TRaCK: Tropical Rivers and Coastal Knowledge

Science and knowledge that governments, communities, industries for sustainable use of Australia's tropical rivers and estuaries

Aquatic resources make an important contribution to Indigenous household budgets

Aquatic resources make an important contribution to Indigenous household budgets

Australia’s tropical rivers hold special significance for Indigenous communities. Indigenous people value rivers in a number of interrelated ways; rivers provide food and medicines; they are part of a culturally significant landscape; and have the potential to sustain future water-related businesses and employment.

TRaCK researchers set out to understand when and where Indigenous people were harvesting aquatic resources like fish, turtles and lotus lilies, and the contribution these resources make to their diets and household incomes.

In the Daly River region in the Northern Territory, the project team worked with the communities of Kybrook Farm and Pine Creek and Nauiyu Nambiyu (Daly River). In the Fitzroy Valley of the Kimberley in Western Australia, residents from the communities of Bayulu, Bungardi, Darlgunya, Junjuwa, Ngurtuwarta, Muludja and Noonkanbah were involved.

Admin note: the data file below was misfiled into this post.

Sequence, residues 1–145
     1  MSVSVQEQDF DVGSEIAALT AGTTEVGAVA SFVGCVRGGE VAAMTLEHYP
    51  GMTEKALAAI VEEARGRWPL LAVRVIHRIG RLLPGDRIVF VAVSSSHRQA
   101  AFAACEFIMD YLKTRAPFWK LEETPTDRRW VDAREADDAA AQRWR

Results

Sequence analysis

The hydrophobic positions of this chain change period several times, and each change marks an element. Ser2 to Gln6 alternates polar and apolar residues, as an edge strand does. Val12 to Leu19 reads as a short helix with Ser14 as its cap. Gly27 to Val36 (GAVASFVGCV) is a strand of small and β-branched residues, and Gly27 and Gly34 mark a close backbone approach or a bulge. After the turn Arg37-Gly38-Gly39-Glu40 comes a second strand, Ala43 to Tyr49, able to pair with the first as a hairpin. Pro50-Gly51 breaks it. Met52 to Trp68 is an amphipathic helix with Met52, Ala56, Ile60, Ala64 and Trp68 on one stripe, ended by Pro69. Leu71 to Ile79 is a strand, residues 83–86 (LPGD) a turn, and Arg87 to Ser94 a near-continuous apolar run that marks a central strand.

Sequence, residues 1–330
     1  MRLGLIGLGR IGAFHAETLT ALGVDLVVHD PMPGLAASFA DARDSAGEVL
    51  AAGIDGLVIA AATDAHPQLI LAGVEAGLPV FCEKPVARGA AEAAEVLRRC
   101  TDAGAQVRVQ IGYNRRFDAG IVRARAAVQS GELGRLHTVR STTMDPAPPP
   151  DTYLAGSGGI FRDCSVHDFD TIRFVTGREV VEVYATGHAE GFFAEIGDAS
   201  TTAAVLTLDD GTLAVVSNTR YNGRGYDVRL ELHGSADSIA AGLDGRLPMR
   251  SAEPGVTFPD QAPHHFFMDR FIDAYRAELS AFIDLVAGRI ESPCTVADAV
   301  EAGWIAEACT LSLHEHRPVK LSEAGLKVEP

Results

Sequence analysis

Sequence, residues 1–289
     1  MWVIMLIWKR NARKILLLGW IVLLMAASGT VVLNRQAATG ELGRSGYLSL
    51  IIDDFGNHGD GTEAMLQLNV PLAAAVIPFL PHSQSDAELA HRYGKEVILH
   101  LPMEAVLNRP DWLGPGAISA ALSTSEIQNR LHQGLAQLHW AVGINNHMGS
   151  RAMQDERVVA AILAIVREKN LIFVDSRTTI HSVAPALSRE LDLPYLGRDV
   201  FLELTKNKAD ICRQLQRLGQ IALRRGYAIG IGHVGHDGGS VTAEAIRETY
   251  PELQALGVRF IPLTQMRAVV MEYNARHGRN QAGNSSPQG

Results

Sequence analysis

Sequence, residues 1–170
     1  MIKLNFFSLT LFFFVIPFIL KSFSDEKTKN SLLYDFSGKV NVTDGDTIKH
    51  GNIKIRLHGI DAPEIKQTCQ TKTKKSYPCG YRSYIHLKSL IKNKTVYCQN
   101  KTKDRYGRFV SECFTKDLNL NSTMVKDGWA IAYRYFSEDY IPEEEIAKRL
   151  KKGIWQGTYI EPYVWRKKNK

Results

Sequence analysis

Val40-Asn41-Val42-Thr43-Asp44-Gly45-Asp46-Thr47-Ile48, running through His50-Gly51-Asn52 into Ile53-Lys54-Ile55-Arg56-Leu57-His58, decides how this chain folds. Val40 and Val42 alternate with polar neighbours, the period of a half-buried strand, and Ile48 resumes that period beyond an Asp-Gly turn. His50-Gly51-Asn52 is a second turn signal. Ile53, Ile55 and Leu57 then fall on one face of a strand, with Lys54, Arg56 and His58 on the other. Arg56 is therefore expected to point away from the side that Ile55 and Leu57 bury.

Maps of the spatial distribution of resource use were created to help understand which habitats were most commonly used and how river flows might affect those habitats. Household surveys were undertaken to work out how often and where people were hunting or fishing, and whether they used the resources themselves or shared them around. Finally, the project team conducted a range of activities to reveal the social and cultural value of river systems with the goal of better understanding what the effects of water-use changes would be.

The research showed that many Indigenous people regularly hunt and fish and that catches are widely shared or traded with others. When the cost of buying these aquatic resources in the shop was calculated, it was found that aquatic resources make a substantial contribution to household incomes in regions where average incomes are very low. Furthermore these resources are an essential part of daily social and cultural life - access to wild species, and the aquatic habitats that support them, is critical to maintaining a vibrant customary economy.

Research from other TRaCK projects has shown that many of the species that are important for customary harvest, like long-necked turtles, black bream, barramundi and mullet are also the species at high risk from reduced river flows.

Read more in the project’s summary report.